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He's on the Front Line in Custody Battles

January 21, 2002|PHIL McCOMBS | WASHINGTON POST

Stanton Samenow snapped awake in the middle of the night, sweating and thinking about the case. It was 2 a.m. He turned to his wife. "I'm deep in the case, and I don't understand it at all," he moaned. "I don't know who should have custody. It's like being lost in the woods. I'm supposed to be the expert, and I haven't got a clue."

Dorothy comforted him, as she always has. "Just stick with it, Stanton. It will become clear."

In 1984, a Fairfax County, Va., judge asked Alexandria clinical psychologist Samenow (pronounced SAM-en-ow) to act as an independent evaluator in a custody fight. The parents were at war, the children in torment. The judge needed insight into what was actually going on.

Samenow, a nationally known expert on criminal behavior at the time, dove into the turmoil of that first case --allegations of sex abuse gave it a possibly criminal taint -- and eventually prepared detailed recommendations that worked to the benefit of the kids.

He began taking on similar cases -- the most difficult custody fights, the nightmare stuff of film and fable. Marriage counseling had failed, mediation had failed, even litigation had failed in some instances as the cases dragged on. Judges had thrown up their hands.

Samenow was entering a dark area of human nature, a maelstrom of emotional horror reminiscent of his work with criminals and juvenile delinquents. Divorcing parents often acted the same way -- lying, manipulating and even abusing each other and their offspring as they struggled for the prize--custody.

Invariably, they proclaimed "love" for their kids. Samenow, however, saw that the children were pawns, their lives being ripped apart. They needed help, and his heart went out to them.

"I just want to be a kid, like other kids," a tearful boy told him.

A girl was so upset she was tearing the flesh off her arm.

One child was abducted from Samenow's office by a parent.

Others were so fearful, they scarcely dared to speak. They ranged in age from infants to 16-year-olds.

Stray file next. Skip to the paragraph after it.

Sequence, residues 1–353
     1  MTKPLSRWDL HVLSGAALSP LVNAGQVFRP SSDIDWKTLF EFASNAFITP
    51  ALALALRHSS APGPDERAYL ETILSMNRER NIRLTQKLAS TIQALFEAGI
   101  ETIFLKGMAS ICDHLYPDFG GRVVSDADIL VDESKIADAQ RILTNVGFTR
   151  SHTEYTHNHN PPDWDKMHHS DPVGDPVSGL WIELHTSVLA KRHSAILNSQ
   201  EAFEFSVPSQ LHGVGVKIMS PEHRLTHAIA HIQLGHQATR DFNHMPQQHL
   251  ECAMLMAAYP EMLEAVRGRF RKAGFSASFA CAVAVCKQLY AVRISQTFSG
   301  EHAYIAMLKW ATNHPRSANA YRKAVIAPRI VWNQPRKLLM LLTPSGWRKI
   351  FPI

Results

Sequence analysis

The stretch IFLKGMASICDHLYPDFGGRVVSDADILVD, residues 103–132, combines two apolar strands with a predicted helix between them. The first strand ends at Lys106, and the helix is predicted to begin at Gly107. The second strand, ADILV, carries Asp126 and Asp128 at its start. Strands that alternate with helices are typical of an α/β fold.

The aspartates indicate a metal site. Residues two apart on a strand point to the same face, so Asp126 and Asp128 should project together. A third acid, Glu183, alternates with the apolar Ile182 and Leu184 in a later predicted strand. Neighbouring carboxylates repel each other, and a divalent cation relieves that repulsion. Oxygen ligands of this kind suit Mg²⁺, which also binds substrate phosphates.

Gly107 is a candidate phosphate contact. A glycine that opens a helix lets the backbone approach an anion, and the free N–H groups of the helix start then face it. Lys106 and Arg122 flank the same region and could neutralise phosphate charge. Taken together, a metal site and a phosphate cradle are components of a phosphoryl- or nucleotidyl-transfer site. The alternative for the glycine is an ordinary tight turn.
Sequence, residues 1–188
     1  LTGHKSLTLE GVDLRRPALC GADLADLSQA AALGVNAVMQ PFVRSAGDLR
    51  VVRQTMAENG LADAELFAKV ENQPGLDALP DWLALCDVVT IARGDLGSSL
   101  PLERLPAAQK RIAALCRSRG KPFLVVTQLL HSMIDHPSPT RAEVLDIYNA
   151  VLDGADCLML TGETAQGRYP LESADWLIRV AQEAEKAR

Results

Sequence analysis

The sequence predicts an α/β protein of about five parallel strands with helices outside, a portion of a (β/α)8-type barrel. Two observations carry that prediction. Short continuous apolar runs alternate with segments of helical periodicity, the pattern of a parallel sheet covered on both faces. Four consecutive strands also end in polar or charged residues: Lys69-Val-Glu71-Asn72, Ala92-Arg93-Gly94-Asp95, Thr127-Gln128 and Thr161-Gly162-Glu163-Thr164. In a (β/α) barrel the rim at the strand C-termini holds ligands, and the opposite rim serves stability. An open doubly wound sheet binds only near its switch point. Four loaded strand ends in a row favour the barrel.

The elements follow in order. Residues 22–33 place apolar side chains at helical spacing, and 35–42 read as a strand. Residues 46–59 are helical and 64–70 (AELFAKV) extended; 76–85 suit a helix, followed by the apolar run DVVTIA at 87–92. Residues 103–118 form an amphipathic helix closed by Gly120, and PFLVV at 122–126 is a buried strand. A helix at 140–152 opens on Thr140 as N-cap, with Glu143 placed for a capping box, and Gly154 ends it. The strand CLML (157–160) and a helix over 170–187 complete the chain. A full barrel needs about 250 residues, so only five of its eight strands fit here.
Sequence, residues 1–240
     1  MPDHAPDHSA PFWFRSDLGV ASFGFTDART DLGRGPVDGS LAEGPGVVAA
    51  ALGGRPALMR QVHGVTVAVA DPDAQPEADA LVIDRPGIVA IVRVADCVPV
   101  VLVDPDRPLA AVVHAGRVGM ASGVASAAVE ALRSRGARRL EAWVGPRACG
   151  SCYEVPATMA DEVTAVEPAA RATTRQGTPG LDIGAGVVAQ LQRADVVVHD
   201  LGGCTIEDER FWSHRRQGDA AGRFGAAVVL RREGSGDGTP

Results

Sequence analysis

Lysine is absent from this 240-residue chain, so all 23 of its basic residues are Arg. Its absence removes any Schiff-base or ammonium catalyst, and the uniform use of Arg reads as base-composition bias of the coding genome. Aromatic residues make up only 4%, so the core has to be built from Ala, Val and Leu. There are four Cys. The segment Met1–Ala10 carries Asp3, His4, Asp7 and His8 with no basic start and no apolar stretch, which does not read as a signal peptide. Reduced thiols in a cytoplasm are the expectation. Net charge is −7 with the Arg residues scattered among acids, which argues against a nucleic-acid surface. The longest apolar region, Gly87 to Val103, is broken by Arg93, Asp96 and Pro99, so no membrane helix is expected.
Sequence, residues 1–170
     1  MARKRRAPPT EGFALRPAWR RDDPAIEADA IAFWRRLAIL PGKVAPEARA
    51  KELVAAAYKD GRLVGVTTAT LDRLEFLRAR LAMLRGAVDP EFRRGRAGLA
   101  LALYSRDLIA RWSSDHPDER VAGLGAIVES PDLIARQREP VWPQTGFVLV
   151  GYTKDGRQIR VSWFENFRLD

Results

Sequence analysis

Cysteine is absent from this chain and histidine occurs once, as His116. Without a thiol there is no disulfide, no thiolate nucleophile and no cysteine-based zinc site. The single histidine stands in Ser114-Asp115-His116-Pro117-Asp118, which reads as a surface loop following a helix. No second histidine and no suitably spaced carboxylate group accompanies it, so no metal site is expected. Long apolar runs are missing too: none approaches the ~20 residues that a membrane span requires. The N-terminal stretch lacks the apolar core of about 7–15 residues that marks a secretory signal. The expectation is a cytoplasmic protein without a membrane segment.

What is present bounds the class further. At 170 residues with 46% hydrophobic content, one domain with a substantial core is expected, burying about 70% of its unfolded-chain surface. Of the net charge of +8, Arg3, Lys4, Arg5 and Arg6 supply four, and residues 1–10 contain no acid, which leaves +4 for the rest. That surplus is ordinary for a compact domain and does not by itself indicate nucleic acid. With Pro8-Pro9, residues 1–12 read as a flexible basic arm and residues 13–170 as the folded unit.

Court-appointed independent evaluators--psychologists, social workers, psychiatrists--weren't a new tool in U.S. divorce courts, but Samenow made the job something more. He became a psycho-detective. He interviewed parents and children at length, administering psychological tests. He talked with relatives, friends, neighbors, teachers, clergy, doctors, baby sitters, bosses, even other psychologists who had treated the parents. He made home visits, sometimes hiring helpers who spent weekends observing a family at home over half a year.

His goal was to learn the elusive "truth," sorting out charges and countercharges, in effect psychoanalyzing the parents, getting to know them so well that he could recommend exact details for realistic custody arrangements.

It was exhausting and frustrating work, but Samenow's persistence usually paid off. People could keep up a good front for a time, but eventually revealed their true natures as family events unfolded.

Of course, he wasn't popular--not with the kids, not even with the parent who appeared to "win." It was scary to be scrutinized, and--at $225 an hour--expensive. (Parents had agreed, urged by judges or lawyers, to share the cost.)

Yet in the end, these independent evaluations often led to out-of-court settlements, and were less expensive and more satisfactory than endless wrangling in court before judges who had only limited knowledge of the characters and circumstances of the drama.

"He always impressed me with his competence and integrity," says Richard Jamborsky, retired chief judge of the Fairfax County Circuit Court.

Sometimes parents hire their own psychological experts. "When you start having these hired guns," Jamborsky says, "as a judge it drives you crazy." Sometimes when this happened, it was a relief to have Samenow as "the court's expert."

"I'm promoting responsibility and personal integrity," he says. "I'm asking people to stop and look at what they're doing, what effect it's having on their children. I recognize that, despite the horrible things people do, in some form they do love their children. I'm not into demonizing any parent."

Samenow divides parents into three categories--problem solvers, controllers and the impaired. He explains what happens when one type is divorcing another, and emphasizes the importance of approaching divorce and its aftermath as a problem solver: "I have yet to meet a happy controller. Moreover, during divorce proceedings that controller will inflict additional misery, grinding down his or her spouse emotionally, capitalizing on the slightest sign of weakness. The child is victimized."

On the other hand, "if you succeed in setting aside personal vendettas and approach separation and divorce as a problem to solve, you in fact will be acting in the best interest of your child."

One of the worst things, he writes, is when one side conducts a "parentectomy"--freezing the other out of their children's lives.

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